Liberal Script(s) and the Rising China
(15400 & 15400a)
|Dozent/in||Prof. Dr. Tanja A. Börzel, Lunting Wu|
|Institution||Freie Universität Berlin|
Fachbereich Politik- und Sozialwissenschaften
Arbeitsstelle für Europäische Integration
|Raum||Garystr.55/ C Seminarraum|
Di, 08:00-10:00 Uhr & 10:00-12:00 Uhr (synchron)
Kommentare: Liberal societies in the West are facing a variety of unprecedented challenges and they seemingly fall short of the capability of effectively addressing the fundamental and common issues confronted by the human-being, e.g. crisis of democracy, social inequality, climate change, and pandemic. Liberal ideas have not only been externally challenged by the ascension of authoritarian regimes or fundamentalist religious groups, but have also been circumscribed by populist parties from within the very liberal societies themselves. By contrast, the remarkable rise of the party-state in the 21st Century has placed China in the international spotlight. Its unique political and economic model has elevated it to be not only the second largest economy of the world and a key actor in international organizations, but also an alternative partner with developing countries contesting the US. Moreover, Beijing’s relative success in containing the pandemic, effectiveness in combatting climate change, realization of poverty reduction, and delivery of digitalization have appealed to other global actors and given rise to an alternative developmental model, to which liberal democracies ought to respond. This research seminar (Projektkurs) is designed to identify the challenges (or opportunities) to the liberal script posed by China, and as a forum to spark discussion and idea exchange on several core questions: (1) Is the liberal script contested or complemented by China, and how? (2) Which component of liberalism has been, is or will be contested by China? (3) Under what circumstances is liberalism more likely to be contested or complemented by China? (4) To what extent does China’s engagement with less developed countries differ from traditional actors, and how sustainable is Beijing’s approach?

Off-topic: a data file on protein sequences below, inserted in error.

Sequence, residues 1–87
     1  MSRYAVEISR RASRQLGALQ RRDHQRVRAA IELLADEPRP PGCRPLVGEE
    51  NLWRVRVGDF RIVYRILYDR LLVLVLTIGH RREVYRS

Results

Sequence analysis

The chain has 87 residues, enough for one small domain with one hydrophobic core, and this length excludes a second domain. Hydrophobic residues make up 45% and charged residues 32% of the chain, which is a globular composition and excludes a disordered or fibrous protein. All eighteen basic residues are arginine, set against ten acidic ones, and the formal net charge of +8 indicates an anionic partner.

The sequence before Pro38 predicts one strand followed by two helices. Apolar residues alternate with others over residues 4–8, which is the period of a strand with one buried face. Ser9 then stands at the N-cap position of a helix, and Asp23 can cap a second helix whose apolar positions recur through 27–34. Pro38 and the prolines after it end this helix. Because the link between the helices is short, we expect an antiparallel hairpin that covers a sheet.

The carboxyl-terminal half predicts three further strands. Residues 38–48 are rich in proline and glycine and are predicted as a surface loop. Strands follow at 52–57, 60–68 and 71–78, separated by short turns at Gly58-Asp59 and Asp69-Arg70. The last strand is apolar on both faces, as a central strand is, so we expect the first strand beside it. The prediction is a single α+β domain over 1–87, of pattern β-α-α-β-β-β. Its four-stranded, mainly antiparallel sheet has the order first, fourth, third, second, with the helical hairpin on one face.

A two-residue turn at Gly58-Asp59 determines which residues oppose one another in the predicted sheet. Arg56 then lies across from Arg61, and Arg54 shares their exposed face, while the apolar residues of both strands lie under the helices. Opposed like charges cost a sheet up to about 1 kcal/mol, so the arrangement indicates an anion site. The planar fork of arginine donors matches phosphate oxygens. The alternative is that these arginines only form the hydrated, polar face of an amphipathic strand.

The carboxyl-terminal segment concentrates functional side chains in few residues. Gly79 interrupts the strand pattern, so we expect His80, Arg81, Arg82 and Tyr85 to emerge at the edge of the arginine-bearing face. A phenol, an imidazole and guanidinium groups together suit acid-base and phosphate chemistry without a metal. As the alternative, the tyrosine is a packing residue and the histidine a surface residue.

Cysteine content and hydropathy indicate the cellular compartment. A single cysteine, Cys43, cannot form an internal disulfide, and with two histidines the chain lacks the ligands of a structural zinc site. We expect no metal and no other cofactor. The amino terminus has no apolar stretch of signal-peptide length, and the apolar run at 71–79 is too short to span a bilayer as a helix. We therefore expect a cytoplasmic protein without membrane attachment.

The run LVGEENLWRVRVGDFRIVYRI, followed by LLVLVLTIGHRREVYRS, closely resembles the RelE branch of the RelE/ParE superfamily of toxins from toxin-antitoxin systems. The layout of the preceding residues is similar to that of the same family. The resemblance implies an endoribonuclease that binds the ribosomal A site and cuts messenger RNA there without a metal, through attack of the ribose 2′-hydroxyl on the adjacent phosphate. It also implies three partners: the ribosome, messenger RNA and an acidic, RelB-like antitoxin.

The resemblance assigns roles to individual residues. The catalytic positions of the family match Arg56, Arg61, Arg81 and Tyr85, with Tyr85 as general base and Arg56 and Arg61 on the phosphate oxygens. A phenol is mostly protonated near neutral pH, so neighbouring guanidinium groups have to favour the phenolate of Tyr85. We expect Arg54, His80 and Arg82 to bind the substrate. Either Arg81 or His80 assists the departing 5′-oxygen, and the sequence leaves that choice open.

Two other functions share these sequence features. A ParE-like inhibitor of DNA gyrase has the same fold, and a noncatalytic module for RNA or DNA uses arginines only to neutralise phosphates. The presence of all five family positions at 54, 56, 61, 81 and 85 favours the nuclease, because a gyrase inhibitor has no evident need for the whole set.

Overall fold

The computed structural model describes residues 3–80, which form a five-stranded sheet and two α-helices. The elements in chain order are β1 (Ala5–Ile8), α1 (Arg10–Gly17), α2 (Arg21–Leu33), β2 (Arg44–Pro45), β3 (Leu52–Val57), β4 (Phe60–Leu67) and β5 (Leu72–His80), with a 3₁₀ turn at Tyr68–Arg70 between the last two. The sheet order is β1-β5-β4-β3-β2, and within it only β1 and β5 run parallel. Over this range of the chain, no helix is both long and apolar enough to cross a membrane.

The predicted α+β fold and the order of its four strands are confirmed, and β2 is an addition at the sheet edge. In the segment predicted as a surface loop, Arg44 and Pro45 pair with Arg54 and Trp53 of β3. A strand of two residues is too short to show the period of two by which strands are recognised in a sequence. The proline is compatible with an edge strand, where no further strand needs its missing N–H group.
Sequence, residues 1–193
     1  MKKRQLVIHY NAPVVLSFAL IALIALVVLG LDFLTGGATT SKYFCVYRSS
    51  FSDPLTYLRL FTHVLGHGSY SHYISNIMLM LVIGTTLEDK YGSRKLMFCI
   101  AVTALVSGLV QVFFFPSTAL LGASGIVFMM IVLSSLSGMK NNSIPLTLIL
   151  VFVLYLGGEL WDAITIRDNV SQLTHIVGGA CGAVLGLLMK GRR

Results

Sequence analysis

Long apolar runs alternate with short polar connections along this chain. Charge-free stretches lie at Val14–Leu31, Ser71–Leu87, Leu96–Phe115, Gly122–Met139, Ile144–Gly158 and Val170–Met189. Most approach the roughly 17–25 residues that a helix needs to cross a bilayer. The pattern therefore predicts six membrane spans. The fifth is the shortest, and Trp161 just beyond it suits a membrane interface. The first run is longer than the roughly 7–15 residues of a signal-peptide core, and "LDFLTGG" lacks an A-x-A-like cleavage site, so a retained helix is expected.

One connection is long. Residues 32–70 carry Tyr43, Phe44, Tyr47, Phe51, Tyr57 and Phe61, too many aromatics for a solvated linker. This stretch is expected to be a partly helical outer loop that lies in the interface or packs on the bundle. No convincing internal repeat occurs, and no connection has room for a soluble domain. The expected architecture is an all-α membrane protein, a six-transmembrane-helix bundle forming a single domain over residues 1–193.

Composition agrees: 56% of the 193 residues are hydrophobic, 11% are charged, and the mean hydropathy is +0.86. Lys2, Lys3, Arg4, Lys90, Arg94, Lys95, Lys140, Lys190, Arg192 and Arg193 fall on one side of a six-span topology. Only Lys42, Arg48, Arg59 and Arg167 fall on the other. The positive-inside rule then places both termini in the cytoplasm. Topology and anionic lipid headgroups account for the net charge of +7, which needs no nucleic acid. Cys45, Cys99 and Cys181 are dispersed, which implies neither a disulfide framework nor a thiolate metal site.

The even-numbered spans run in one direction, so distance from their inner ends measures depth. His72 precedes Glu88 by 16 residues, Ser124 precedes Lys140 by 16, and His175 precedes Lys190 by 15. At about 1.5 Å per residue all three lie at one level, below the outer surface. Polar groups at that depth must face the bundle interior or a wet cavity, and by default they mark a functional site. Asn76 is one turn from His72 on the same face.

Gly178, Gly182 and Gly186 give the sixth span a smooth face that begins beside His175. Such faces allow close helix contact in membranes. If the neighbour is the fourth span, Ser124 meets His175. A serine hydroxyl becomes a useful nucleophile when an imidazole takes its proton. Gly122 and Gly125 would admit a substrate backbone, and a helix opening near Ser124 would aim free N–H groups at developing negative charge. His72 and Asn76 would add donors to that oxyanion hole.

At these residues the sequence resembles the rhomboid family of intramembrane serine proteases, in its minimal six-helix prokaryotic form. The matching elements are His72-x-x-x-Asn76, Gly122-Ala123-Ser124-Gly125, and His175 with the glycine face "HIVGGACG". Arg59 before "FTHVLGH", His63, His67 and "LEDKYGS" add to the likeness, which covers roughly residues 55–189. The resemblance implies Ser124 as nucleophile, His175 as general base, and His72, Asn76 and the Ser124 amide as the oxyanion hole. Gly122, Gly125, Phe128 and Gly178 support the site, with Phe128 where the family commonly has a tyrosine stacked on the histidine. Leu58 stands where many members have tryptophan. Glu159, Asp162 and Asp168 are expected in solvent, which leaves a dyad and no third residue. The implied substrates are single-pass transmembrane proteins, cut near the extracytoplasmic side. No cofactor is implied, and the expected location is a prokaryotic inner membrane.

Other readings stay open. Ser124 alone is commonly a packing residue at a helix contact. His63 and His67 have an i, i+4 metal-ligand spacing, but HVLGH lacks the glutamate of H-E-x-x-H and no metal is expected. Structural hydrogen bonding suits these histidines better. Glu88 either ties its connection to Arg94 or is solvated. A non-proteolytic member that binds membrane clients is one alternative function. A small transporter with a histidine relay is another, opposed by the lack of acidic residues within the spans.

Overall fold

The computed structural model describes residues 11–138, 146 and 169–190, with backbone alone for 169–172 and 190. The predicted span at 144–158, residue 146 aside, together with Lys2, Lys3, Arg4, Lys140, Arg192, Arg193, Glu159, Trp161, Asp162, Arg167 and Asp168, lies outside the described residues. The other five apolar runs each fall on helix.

There are four separate yet inter-connected sections of the course: Liberal Script(s) (section I), Contemporary China (section II), and Research Design (section III), all of which aim to train students’ research ability to develop a relevant academic project. By the end of section I, students will be able to formulate their own definition and conceptualization of the liberal script(s), characterize different varieties, and present an overview about the evolution of the liberal script(s). After section II, students will have learned to assess the extent to which a rising China constitutes a major contestation of the liberal script. They will be able to elucidate China’s unique political, economic and development model, compare Beijing’s domestic and global trajectory with those of traditional global (liberal) actors, problematizeand analyze the relationship between Beijing’s regime and the script it promotes and liberal counterparts, and evaluate Beijing’s engagement with less developed countries/regions. Following section III, students should get the hang of key issues concerning a research project, including research question, qualitative/quantitative methodologies, concept formation, case studies, the logic of comparison, and case selection. In section IV, students will present and discuss outlines of their research papers (Projektkursarbeiten).
The Projektkurs targets MA students in the various study programs. Students have to sign up for all parts. Their research papers (Projektkursarbeiten) are supposed to develop a research project related to the liberal script in the context of a rising China.